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Rules of the Road

So I want to give kudos where kudos are due. This list is not written by me but by a dear friend whom I have been riding with for about 9 years now, Bill Garret. This is his simple and useful list for how we should behave on the road as cyclists. The suggestions are practical, useful, and encourage us as cyclists to take the higher ground when we encounter negative people out there on the roads.

This is a good one to post on your refrigerator. Promise. Here ya go friends:

I know you all have heard it all before, but it bears repetition.

We all want to get back home safely EVERY SINGLE time that we head out for a bike ride. Yes, we want to see our friends. True, our silly little brains make us go out for ridiculous distances in extreme conditions. Possibly, none of you would figure out when to leave were I not there to feebly screech "Ho!" Undoubtedly, we want to show off our latest stylishly aerodynamic kits. Perhaps, the fresh air and exertion help to make us happier and healthier human beings.

But getting back home again safely is the most important.

1. So, we keep our eyes open and looking down the road.

2. We point out approaching hazards, potential threats and upcoming turns or stops.

3. We move over into single file, or as single as we can achieve, when being overtaken by vehicles. I wave in a friendly manner at as many overtaking or encountering vehicles as I can manage. I want drivers to see me as a cordial and amiable roadway user and not an obstacle or hindrance to their vehicular pursuits.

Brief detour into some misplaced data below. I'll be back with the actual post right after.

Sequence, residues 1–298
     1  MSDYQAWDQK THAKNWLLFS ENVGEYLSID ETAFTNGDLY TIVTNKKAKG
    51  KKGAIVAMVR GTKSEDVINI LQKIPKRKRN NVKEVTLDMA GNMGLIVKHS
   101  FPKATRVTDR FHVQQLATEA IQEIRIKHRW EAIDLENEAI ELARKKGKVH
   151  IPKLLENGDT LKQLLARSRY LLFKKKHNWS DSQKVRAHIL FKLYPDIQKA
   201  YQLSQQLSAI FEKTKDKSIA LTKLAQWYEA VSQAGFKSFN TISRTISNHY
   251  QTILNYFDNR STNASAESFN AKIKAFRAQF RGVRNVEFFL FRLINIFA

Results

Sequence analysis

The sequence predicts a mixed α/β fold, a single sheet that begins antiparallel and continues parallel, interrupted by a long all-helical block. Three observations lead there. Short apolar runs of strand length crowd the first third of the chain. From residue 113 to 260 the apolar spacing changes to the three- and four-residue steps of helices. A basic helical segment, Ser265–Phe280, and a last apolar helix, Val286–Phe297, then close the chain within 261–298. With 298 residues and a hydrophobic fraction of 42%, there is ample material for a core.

4. I make sure to wave effusively at the drivers of cars that are on intersecting roads. I hope that a waving cyclist is much more visible than a non-waving cyclist and might cause to the driver to consider that irrational, impending and insidious vehicular maneuver.

5. I keep my lights on until the rechargeable batteries go dry. Even in full, Texas daylight, those lights might make me more visible. And blinking lights get a driver's attention more effectively.

6. I never react with the emphatic digit when not given what I consider to be sufficient regard by a passing vehicle. This is Texas and it is possible that the driver might not respond positively to the non-verbal communication that was just offered.

7. I always call out "Braking" or hold my hand down when slowing.

I 8. always pedal vigorously when at the front of a group (however brief that may be). If the rider at the front doesn't pedal, the rest of the group bunches up behind.

9. I usually speak harshly to any rider in a group who gets on his/her tri-bars. You just don't do that in a group. Go ride by yourself if you want to be on those bars!

10. If you need to mess with your phone, do it when you are not anywhere near other cyclists. I think it's state law that one is not to operate a phone and a bicycle at the same time, but perhaps I am imagining that. If you need to get that call, let me know. I would love to find a shady spot, knock back a bidon and wait for you to attend to that pressing matter.

11. And please use your brain. All of those people at your home might cringe a bit when you arrive home sweaty, redolent, exhausted, but as I often say, it's so preferable to the alternative.

Let's all be so glad each time that we get back home again safely. Almost any bike ride is better than a day at work.

So there you have it- my friend Bill Garret's list for what to do as a responsible cyclist. Print this out and put it on your refrigerator.

And if you need a triathlon coach for your next race I got you covered! Shoot me an email by clicking HERE and we can have a chat about your race goals!

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